Most of all, I was struck by the almost ruthless courage she possesses in telling her story. Monika Korra is a competitive athlete to the core, and recovering from being raped is no different than a track meet. She was determined – from the moment she realized that somehow she had escaped with her life – to become a better and stronger version of herself, and to give this pivotal, life-changing event meaning by sharing her experiences with others.

“Nationally, 60 percent of rapes go unreported; 97 percent of rapists never spend a day in jail. I was both troubled and grateful to learn those two facts. I knew how lucky I was that the men who’d assaulted me were arrested, tried, convicted, and incarcerated, but I didn’t realize until later just how rare that was.

Initially, my main focus was on getting out and doing public speaking engagements. That seemed a modest and attainable goal. I remembered how moved I was by the Take Back the Night presentation I attended, and I hoped that I could have an impact on people by sharing my story in the same way. I knew that the problem on college campuses was likely as bad as, if not worse than, it was outside them. I knew that I could relate well to women my age and younger, and that was my original focus.”

This book is strictly biographical: it is not a self-help or 12 step program to recovery. It is a story about a college sophomore who was raped, and how she overcame her own challenges to eventually help other women who are victims of violent crime to come forward, to not live in fear, to reclaim their lives. (She even created her own nonprofit, the Monika Korra Foundation, check it out!) If you know someone who has been victimized, this book will help you understand what they are going through. If you are a therapist, a counselor, an advocate, or anyone struggling with meeting daily challenges, Kill the Silence is a MUST READ.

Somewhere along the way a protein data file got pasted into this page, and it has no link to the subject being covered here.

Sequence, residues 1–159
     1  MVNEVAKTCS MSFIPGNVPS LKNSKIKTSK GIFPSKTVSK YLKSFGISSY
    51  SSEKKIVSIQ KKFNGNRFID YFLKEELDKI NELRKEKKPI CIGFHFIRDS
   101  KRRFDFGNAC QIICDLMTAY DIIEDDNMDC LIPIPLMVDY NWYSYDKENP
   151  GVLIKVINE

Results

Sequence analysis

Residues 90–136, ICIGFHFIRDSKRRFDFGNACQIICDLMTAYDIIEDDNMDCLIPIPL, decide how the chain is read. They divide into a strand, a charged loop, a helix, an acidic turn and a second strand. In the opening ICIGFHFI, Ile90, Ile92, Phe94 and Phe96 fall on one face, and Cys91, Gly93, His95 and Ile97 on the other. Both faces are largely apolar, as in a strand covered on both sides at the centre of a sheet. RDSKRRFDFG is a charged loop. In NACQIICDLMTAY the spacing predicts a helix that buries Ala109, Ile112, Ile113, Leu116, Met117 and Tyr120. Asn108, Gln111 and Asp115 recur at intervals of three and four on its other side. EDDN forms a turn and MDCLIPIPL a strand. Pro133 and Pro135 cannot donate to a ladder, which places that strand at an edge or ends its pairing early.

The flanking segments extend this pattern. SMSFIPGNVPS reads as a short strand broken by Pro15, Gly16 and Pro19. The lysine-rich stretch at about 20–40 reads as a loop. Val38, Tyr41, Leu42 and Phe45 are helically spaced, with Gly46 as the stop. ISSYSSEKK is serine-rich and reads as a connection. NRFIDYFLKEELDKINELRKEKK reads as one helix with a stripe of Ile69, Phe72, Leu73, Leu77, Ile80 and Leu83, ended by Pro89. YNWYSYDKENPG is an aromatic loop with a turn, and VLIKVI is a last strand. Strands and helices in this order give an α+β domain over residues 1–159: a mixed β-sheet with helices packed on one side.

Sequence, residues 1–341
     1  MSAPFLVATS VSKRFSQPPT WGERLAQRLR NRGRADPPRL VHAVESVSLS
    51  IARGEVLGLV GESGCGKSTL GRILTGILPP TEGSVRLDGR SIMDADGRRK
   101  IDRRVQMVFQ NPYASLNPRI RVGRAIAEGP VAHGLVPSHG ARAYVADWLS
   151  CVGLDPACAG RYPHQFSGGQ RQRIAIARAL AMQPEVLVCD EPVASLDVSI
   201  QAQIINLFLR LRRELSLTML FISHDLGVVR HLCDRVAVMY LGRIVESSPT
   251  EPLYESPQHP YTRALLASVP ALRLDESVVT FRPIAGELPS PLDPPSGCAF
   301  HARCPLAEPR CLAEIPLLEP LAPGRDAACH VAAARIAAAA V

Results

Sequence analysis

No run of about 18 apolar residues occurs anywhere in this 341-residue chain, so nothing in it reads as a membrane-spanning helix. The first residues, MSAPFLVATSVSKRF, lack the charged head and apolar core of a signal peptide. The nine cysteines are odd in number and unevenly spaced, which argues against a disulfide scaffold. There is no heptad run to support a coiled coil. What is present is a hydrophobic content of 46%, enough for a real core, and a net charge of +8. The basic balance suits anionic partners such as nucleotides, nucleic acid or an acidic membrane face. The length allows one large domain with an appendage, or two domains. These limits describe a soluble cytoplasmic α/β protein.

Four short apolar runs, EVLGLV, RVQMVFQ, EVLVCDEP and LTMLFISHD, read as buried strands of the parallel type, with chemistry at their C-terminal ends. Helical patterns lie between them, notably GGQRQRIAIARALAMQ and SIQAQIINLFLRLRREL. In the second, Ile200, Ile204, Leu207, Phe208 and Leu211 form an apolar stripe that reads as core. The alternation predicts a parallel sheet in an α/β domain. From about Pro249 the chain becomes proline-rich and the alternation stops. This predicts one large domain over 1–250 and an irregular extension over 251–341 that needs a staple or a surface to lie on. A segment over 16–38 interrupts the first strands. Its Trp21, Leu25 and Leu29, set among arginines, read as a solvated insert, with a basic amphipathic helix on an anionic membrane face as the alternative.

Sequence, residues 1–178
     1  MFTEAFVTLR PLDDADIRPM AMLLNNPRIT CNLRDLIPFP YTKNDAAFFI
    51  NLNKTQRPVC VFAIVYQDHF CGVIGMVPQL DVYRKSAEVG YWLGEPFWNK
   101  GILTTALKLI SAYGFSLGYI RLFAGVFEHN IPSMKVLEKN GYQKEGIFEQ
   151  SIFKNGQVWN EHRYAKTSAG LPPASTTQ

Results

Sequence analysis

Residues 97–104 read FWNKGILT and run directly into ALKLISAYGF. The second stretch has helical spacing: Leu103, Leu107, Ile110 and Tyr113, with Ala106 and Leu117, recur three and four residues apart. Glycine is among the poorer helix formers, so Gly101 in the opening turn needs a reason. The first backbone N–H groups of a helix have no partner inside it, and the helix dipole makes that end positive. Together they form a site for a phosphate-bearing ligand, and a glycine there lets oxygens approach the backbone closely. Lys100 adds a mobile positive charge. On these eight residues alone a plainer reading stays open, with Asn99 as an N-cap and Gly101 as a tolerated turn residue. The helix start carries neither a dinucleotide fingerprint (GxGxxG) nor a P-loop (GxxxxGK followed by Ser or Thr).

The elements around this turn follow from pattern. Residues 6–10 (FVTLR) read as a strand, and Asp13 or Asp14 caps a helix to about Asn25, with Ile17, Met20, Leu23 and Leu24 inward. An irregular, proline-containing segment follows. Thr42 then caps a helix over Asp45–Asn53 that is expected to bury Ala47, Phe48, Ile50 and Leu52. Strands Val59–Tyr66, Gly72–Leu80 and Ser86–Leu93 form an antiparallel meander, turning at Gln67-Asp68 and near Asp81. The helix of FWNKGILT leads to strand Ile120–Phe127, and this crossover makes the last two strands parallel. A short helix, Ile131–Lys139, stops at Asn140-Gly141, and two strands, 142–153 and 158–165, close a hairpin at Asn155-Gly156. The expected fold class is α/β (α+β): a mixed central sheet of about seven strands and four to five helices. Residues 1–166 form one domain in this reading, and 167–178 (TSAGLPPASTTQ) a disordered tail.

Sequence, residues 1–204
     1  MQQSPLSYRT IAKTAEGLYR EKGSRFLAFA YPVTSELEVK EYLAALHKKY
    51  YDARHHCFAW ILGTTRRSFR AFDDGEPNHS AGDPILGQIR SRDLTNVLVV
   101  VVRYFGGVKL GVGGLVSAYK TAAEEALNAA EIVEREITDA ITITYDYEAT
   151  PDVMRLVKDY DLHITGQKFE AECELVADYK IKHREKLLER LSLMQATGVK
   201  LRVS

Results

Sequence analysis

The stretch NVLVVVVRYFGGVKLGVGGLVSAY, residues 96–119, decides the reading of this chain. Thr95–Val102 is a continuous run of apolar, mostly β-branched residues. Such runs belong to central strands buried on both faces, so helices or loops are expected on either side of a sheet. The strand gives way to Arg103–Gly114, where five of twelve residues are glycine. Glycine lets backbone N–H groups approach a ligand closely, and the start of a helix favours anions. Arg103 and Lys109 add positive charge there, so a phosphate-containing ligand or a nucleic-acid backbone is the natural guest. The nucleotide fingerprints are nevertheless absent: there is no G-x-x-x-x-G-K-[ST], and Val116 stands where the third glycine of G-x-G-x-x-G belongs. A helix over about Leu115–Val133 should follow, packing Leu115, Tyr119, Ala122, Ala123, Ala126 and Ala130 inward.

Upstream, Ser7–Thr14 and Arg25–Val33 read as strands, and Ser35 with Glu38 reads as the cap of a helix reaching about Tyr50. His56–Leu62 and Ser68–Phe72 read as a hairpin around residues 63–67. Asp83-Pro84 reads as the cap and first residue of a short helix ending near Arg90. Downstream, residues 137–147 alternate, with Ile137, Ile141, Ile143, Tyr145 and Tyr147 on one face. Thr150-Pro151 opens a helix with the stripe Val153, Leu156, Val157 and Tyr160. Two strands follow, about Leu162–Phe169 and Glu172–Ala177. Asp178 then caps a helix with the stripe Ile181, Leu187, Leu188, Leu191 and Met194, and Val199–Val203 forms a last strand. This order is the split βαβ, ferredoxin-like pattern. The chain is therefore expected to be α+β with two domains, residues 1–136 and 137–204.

For the three months that it took me to read the 307 pages of Kill the Silence – I went through a love/hate relationship with the book: I loved Monika for her courage in telling her story; I hated having to read the next painful stage in her recovery; I loved her relentless energy toward being better than a victim; I hated the perfectionist and obsessive tendencies it reflected in myself; I loved her triumphant healing journey; I hated how closely it mirrored what I need in my own healing journey. Finally, I feel like I can sit across the same table from the perpetrator, and look into his eyes again – as Monika did – and that I can surpass my 10 minute mile, not running away, but to bask in the pure joy of running for it’s own sake.

Do you love to read? Do you love to write? Do you really love free books and writing reviews on new releases? Blogging for Books is for YOU! I have discovered more wonderful books, new releases, and hidden literary gems through this free program than any other way. All you need is a blog (quick, easy and FREE on WordPress.com) and to sign up at bloggingforbooks.org! I gratefully received Kill the Silence: A survivor’s life reclaimed by Monika Korra from bloggingforbooks.org, and I can’t wait for the next one!

Advertisements

Leave a Reply

Fill in your details below or click an icon to log in:

WordPress.com Logo

You are commenting using your WordPress.com account. Log Out / Change )

Twitter picture

You are commenting using your Twitter account. Log Out / Change )

Facebook photo

You are commenting using your Facebook account. Log Out / Change )

Google+ photo

You are commenting using your Google+ account. Log Out / Change )

Connecting to %s